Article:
Have you ever tasted Mustard oil? It’s a fantastically flavored oil, a little heavy, and has a pungent vapor that can tear you up when heated. It’s rich in Omega3 fatty acids. It also imparts a nutty flavor to the dish it is cooked in. Mustard oil is also one of the few table oils that can be directly consumed without cooked. Mustard oil is the favored cooking oil in many of the states in Northern India, the entire Eastern India (especially Bengal), some parts of Korea and China, and the entire Nepal and Bangladesh.
Mustard oil lends itself to multiple therapeutic uses. Massage, ear ache, tooth ache, joint pain – it has been known to bring temporary relief in most cases. It is also very popular as a massage oil for children and adults alike. Culturally, it is thought to be a great remedy for cold and cough in infant and toddlers. Of course, due to it’s very strong smell, it gives out a pungent odor, so gradually lighter and more sensory friendly aromatic oils have replaced it. When my boys were young, I would often boil a clove of garlic in mustard oil and use that oil to massage away colic discomfort, earache, and congested chest. Of course, these are not medically recommended remedies, rather cultural hand me down tips passed on through generations, but for me and my kids, they worked.
According to a paper published in 2004 American Journal in Clinical Nutrition titled ‘Diet and risk of ischemic heart disease in India’, the authors have observed that consumption of Mustard Oil significantly lowers the risk of cardiovascular disease. In rural Northern and Eastern India, where consumption of mustard oil is still the highest, there are lesser known incidents of cardiovascular disease, though it is not the only mitigating factor.
Today, I’m going to share two mustard oil recipes which are simple to make, and are made by every Bengali worth her salt. I should warn you though, it has a strong flavor and it is an acquired taste, like wasabi. Those who know the flavor of mustard oil will agree with me that once you have tasted this oil, there is nothing that comes close to it as far as flavors go. Some of the dishes cannot be cooked without this oil, there is simply no substitute. New York Times published a lovely article on this: “American Chefs Discover Mustard Oil“. It’s a fascinating read.
It’s interesting how mustard seeds are pressed to get oil in villages of India, Nepal and Bangladesh. Mustard seeds are pressed into mortar like well, and a gigantic pestle is used to press the seeds in it by rotation. A bull is generally engaged to rotate the pestle, and a person manually regulates the speed of the bull and the pestle. I found some interesting images here.
The dishes I am sharing today use raw mustard oil. It’s more like a drizzle, bringing a raw burst of flavor.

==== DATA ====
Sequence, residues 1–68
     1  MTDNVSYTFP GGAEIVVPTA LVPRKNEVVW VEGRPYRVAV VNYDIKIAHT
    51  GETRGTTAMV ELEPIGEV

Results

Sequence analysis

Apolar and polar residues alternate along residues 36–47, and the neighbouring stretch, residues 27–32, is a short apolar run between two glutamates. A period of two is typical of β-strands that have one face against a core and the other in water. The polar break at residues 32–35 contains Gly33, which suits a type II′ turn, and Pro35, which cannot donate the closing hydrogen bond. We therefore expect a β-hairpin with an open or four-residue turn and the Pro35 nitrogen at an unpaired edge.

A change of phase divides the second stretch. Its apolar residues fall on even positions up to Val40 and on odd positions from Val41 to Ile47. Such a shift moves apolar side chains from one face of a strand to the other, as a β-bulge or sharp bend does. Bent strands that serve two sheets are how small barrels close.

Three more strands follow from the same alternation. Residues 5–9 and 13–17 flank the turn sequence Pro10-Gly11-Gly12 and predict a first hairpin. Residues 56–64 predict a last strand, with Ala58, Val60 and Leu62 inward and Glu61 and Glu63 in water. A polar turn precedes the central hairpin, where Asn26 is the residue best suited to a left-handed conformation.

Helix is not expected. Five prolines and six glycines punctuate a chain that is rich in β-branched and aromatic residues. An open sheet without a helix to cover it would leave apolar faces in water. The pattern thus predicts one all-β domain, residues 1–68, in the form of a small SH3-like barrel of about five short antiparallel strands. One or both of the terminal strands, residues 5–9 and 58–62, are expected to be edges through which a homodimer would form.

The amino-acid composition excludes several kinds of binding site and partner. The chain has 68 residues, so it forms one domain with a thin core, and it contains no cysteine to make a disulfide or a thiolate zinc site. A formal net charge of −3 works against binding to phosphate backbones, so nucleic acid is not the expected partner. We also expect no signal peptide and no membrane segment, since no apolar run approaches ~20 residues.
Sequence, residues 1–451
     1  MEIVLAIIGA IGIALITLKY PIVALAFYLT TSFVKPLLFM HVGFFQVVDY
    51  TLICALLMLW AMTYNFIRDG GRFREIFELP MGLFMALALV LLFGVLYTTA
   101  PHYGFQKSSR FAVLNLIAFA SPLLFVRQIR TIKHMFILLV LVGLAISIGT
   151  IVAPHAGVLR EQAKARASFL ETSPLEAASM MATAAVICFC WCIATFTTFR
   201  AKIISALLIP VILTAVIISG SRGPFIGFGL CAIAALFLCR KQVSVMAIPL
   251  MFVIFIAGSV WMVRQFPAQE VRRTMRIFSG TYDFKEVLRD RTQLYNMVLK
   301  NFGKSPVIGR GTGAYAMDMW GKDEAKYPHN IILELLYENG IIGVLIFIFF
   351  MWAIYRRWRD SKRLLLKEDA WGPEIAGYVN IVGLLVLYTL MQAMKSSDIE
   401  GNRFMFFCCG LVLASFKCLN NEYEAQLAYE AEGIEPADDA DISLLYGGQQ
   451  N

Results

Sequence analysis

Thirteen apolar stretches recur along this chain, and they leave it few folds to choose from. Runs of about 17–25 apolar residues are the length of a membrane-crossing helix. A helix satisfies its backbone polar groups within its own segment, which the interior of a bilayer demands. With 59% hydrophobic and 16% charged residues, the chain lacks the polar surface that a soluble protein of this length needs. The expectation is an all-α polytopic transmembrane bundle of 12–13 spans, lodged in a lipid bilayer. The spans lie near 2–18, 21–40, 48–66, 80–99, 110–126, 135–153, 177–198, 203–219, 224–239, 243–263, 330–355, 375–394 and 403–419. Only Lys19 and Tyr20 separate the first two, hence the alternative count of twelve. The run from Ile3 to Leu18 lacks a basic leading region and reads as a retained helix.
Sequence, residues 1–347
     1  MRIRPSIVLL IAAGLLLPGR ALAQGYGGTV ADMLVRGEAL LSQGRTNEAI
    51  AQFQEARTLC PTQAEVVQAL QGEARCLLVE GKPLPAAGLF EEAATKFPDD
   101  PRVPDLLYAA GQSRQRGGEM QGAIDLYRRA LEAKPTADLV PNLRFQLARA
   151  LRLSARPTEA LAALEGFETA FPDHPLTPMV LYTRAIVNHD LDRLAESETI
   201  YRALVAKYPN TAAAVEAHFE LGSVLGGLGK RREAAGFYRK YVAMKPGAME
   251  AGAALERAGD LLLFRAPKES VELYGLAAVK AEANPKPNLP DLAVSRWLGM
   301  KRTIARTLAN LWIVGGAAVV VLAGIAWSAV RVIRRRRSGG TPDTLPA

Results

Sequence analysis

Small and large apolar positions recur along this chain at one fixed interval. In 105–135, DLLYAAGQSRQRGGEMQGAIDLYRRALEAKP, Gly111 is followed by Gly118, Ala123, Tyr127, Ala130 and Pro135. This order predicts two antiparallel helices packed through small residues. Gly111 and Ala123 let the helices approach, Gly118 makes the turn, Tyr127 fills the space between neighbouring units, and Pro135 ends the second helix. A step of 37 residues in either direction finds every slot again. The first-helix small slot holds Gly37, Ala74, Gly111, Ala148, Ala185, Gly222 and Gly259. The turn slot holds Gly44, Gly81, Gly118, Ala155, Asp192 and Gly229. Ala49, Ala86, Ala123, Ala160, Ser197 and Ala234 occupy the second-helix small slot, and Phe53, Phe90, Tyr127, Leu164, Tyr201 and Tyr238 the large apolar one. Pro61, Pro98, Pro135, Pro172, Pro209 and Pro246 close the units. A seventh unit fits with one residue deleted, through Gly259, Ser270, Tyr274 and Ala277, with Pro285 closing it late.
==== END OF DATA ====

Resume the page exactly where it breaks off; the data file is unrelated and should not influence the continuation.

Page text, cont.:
The first one is red lentil dish. I got inspired by a post by Lorraine in her fabulous blog Not Quite Nigella, where she posted about Egyptian Red Lentil Soup. Red lentils are such a regular fare in a Bong household, that I could not help but post this recipe.
- I cup Basmati or any other regular white rice.
- 1 cup red lentils
- 1 pod of garlic
- ½th cup onions chopped fine
- 1 Thai green chili (jalapeno works too. Use more if you like the heat).
- 1 tbs. mustard oil
- ½ cup cucumber finely sliced
- 1 tomato sliced
- 1 boiled egg halved
- 1 tbsp lemon juice
- dash of black pepper
- Cook rice as per instructions.
- Boil the lentils with salt and garlic in 3 cups of water till cooked. Boil them just enough so that they are soft, but retain their shape.The lentils should not loose their shape or get mashed.They should also have quarter inch of water floating on top.
- Pour in a bowl.
- Mix in onions and finely chopped green chili.
- Drizzle mustard oil over it.
- Lay the sliced cucumbers, tomatoes and halved eggs on a shallow bowl and drizzle lemon juice all over it.
My next recipe is mashed potato recipe. This is a dish I grew up on, and just thinking of it gives me nostalgia. We call it ‘Aloo sheddho bhaat’. Translated: Boiled potatoes with rice. It serves mostly as a first course, preceding a vegetable, lentil, meat and finally a sweet dish in a full course meal; or on days to fill gaps, when you really don’t feel like cooking. But there is no dearth of flavors here. Given half a chance, any Bong will give you an animated discourse on how flavorful this dish is. But then, we have grown up on it. Try it yourself and see how you like it.
2 thai green/jalapeno chilies chopped
salt to taste
1 tbsp. mustard oil
a few leaves of coriander (optional)
Boil potatoes, peel and mash them.
Drizzle some more oil.
Note: If you eat with rice, then rice and the potatoes have to mixed in well to get the right flavors.
Soon, I’ll be coming up with more flavorful and cooked dishes with mustard oil – Sorshe maach, Mushurer dal, Aloo posto……don’t worry, I’ll translate all of them for you when I post about them. A hint: The above mentioned dishes describe a fish dish, lentils and poppy seed preparation. Btw, did I tell you Bengalis take pride in eating close to seven courses in a single meal, everyday? Stay tuned, all of that coming up soon.
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